However, Sautter notes that the location of the inserted gene within the apple genome is uncontrolable even with cys technology. "For me the question is therefore not whether one works with cys or trans plants, but whether gene technology should be used at all to combat Fire Blight."

Fewer problems

In any case, farmers and the public are uniformly against genetically modified plants in Switzerland, theoretically because of the inherent risks. Foreign genes, so it goes, could result in the production of new, allergy causing substances in such plants. Another fear is of a biological nature, namely that through interbreeding a new super weed may results that crowds out all other plants.

Many of these problems are eliminated, however, when genes from the same kind of organism are utilized. There is no more health risk for consumers because the genes are from an apple tree whose fruit has been consumed by countless people over many years. There is no risk of transferring the resistance gene to other apple trees or wild sorts because the resistance gene has been widespread in apple trees for many centuries.

Soon, Gessler would like to address the Fire Blight problem. "We are not as far along with Fire Blight as we are with apple scab, though," admits Gessler frankly. "There are old apple sorts that are resistant to Fire Blight. But in contrast to apple scab, the resistance cannot be definitively assigned to one specific gene."

Swiss agriculture and Swiss Bio agriculture in particular, stand to profit considerably from Professor Gessler´s research. Especially in fruit production, the word "organic" means anything but pesticide-free in Switzerland.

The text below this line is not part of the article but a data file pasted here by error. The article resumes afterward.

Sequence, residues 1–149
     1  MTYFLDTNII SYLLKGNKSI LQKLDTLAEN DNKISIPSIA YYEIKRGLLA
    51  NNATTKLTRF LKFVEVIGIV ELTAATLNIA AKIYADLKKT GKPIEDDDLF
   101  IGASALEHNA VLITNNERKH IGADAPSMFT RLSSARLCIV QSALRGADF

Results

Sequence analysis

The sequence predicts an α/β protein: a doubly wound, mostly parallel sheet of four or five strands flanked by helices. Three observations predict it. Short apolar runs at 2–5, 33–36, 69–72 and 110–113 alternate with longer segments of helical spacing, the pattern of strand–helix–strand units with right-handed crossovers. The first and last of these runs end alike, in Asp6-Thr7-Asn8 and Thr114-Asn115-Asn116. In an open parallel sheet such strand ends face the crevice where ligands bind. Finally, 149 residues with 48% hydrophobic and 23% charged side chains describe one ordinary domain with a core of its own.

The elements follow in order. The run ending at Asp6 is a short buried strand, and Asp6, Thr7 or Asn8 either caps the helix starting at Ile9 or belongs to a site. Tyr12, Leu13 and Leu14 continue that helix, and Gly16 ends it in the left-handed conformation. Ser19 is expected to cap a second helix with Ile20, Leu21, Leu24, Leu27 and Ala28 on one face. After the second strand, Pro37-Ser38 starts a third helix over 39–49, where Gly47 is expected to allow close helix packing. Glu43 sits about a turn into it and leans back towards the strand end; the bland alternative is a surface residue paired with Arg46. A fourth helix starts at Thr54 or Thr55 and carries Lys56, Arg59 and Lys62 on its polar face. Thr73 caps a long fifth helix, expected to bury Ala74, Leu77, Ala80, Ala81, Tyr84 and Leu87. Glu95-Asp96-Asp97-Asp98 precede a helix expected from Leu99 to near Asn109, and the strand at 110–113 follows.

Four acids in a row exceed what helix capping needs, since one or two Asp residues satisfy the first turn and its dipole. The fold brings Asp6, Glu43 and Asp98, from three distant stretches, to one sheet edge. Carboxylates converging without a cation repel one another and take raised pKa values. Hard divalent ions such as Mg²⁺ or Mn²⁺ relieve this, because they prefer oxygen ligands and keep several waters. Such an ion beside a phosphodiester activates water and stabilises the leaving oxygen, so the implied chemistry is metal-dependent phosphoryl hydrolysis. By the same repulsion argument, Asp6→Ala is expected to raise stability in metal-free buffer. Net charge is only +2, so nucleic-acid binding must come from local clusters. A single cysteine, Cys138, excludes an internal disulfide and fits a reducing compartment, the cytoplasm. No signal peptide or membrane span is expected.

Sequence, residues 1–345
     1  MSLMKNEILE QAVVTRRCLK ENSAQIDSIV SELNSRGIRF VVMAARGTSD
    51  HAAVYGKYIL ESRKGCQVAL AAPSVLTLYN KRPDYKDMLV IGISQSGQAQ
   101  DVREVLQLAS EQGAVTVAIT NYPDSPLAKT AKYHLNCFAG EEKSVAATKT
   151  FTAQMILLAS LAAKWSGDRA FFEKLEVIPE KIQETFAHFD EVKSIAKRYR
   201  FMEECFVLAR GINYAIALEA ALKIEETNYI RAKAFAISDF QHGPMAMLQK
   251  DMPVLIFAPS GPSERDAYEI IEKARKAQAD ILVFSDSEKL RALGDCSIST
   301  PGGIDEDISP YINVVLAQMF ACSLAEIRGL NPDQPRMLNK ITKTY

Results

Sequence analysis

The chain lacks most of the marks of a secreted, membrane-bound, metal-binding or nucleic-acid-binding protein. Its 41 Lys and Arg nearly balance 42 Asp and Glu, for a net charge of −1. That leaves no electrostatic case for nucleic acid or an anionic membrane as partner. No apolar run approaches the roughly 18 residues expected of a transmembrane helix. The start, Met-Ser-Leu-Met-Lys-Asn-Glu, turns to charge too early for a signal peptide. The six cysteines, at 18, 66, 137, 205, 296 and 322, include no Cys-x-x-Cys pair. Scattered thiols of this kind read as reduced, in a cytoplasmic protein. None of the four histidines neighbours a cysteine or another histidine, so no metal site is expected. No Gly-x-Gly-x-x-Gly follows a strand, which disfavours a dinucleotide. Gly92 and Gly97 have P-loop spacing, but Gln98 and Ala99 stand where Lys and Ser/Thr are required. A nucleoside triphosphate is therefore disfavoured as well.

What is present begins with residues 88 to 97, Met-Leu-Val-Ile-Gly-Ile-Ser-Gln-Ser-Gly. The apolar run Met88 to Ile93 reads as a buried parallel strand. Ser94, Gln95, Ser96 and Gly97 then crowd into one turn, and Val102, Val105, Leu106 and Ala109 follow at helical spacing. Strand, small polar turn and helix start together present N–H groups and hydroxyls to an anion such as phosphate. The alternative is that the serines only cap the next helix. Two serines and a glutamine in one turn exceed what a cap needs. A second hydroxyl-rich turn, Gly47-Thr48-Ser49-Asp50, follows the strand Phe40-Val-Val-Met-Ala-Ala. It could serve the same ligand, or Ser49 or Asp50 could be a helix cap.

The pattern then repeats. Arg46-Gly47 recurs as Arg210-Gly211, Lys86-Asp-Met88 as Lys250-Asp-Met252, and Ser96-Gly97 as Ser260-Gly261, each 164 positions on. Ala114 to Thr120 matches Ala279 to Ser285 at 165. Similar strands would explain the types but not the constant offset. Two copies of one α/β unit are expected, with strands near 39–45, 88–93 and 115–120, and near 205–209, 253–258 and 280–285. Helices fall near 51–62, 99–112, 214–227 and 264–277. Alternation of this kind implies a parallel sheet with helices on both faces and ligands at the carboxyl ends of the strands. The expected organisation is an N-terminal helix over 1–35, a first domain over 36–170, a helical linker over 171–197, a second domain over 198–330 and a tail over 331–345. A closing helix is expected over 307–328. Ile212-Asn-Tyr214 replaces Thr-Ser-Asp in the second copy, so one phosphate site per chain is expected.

While farmers who follow the ecologically oriented guidelines of Integrated Production (IP) spray fungicide in their orchards 8 to 10 times per year, depending on type of apple and weather, the organic producers are not much better. They spread copper solution in their orchards up to 18 times per season. Copper is an effective inorganic fungicide that is still permitted - even though the substance is listed by Bio Suisse as a health and environmental hazard.

But without the copper, one would never be able to get rid of the fungi in the orchard. "About 8 sprayings per season can be eliminated with our apple scab resistant apple sort" says Professor Gessler. "That is a great accomplishment."

Swiss Bio representatives are however still strictly against the possibility of putting cys plants into the organic category. The association Bio Swiss, which can bestow the attractive label, continues to support research in traditional agricultural methods.

"The application of gene technology is contradictory to our philosophy," answers Bio Suisse Public Relations Representative Jacqueline Forster, when questioned if cys plant cultivation is being considered by BioSuisse.

The guidelines for permits to cultivate genetically modified plants will also remain unchanged according to the Swiss Department for the Environment (Bafu). According to Bafu media speaker Adrain Aeschlimann, "it makes no difference to the government if the genetic modifications are of a cys or trans nature. The key criterion is whether there was a transfer of DNA by gene technological means."

Organic scene is interested

In other countries such as Australia the thinking is quite different. Cys gene plants require neither approval nor labelling. Recently, the German geneticist Bernd Muller-Röber of the Max Planck Institute for Molecular Plant Physiology, in Potsdam, appealed to the EU to reconsider its position with regard to cys plants.

All the while, Gessler´s research is being looked at with interest by the Geman organic scene. Already two years have gone by since the advisory organization Ecological Fruit Production concluded "the general rejection of gene technology for the out-of-date products of the large biotech companies was correct and sufficient."

For the next generation of genetically modified plants whose modifications and gene make-up remain within the species, and which possess ecologically beneficial qualities such as apple scab resistance, there is a need for objective discussion and evaluation of the products.